$10-million study explores men's role in transmitting HPV


Tampa, FL (Feb. 1, 2005) In the largest grant ever to a Cancer Control and Prevention researcher at the H. Lee Moffitt Cancer Center & Research Institute, the National Institutes of Health awarded $10 million to Anna Giuliano, Ph.D., to help determine men's roles in spreading the human papillomavirus (HPV), which causes deadly cervical cancer in women.

The grant is the largest of its kind in the world. Up to this point in the world of cancer research, little has been done to study men's roles in spreading the sexually transmitted organism linked to cervical cancer in women. The men will be followed every six months for four years. They need not have the HPV virus. But they must be willing to visit a clinic at Moffitt twice a year for the four-year study duration.

Giuliano is Moffitt's Program Leader for Risk Assessment, Detection and Intervention and a professor of Interdisciplinary Oncology at the University of South Florida College of Medicine. She is recruiting 3,000 healthy men, ages 18 to 44, at one site in the United States, one in Mexico and one in Brazil. The work could help determine whether a vaccine for males should be employed in the arsenal against cervical cancer. The study is of great interest in Latin America, where rates are higher than in the United States. Hispanic women in the United States have significantly elevated rates compared to other women, according to Giuilano.

Why study men in regard to a cancer that hits women? "We need to know what the rates of new infections are, how long they last, whether they respond to antibodies," she explains. "We are only a year or two away from having a vaccine for women licensed by the U.S. Food and Drug Administration. We don't know if we need to vaccinate men."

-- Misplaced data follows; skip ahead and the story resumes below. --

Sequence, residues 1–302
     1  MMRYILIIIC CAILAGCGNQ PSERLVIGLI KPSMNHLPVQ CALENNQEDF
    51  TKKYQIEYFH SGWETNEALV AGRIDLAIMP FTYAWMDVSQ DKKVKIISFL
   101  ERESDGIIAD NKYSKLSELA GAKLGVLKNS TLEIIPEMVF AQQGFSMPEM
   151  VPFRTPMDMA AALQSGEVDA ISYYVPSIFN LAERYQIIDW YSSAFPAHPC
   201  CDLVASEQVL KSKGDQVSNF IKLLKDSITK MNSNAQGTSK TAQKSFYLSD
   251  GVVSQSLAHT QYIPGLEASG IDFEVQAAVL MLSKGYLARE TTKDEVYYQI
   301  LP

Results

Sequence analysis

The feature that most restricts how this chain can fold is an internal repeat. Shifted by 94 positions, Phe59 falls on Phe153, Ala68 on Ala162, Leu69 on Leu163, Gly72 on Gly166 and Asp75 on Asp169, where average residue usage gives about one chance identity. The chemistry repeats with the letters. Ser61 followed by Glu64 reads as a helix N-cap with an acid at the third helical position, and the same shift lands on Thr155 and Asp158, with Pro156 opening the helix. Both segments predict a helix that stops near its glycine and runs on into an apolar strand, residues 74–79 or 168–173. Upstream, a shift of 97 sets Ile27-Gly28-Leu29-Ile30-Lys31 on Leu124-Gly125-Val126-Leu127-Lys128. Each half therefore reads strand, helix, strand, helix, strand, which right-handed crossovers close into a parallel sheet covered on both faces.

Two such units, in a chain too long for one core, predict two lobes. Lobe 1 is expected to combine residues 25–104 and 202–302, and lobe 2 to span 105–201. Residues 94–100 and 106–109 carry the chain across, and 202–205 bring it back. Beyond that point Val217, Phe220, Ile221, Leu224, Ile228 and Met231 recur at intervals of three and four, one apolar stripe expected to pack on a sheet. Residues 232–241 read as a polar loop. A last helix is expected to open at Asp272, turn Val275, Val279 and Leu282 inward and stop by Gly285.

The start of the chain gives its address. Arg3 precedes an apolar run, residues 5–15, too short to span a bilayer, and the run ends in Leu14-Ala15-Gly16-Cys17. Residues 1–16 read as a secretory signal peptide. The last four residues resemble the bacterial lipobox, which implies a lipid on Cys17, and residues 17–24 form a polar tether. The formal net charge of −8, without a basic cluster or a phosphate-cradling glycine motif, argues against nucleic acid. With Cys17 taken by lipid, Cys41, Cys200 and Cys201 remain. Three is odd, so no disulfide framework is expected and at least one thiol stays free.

Latin American countries suffer "the highest rates of invasive cervical cancer in the world," she says. "And that's where many of our new immigrant populations in Florida are coming from."

Vaccine research is exciting to scientists because preliminary data indicate that it is a means to prevent cancer of the cervix. In developing countries this would be lifesaving, as few women have access to the Pap smear, an effective early screening method that has significantly reduced the rate of cervical cancer in the United States in the past 50 years. "We are getting closer to eradicating cervical cancer" through prevention, Giuilano says.

HPV is the most common sexually transmitted infection in the United States. It affects the skin in the genital area as well as the anal canal. Condoms do not protect against HPV and the infection can lead to genital warts. To date, there is no cure for HPV. HPV is passed from one person to another by contact with infected skin, frequently during sex. HPV infects the penis or the female genitals where is often remains unseen but can be carried to unsuspecting partners during sex.

In men, genital warts appear as growths or bumps on the penis, scrotum, in or around the anus, or groin. Warts may be raised or flat, single or multiple, small or large. Sometimes they are so small that they can't be seen by the naked eye. Some people only have one episode of genital warts, while others have recurrences. In a small percentage of men, infection with certain HPV types will result in precancer or cancer of the penis or the anal canal.

The Mexican study site is Cuernavaca; the Brazilian is São Paulo. Men in Florida who wish to volunteer for the study trial should call (813) 745-6996.

Giuliano's other research interests include cancer epidemiology biomarkers, nutritional supplements and diet in risk reduction, breast cancer and cancer screening. She left the University of Arizona to join Moffitt and USF in July 2004.

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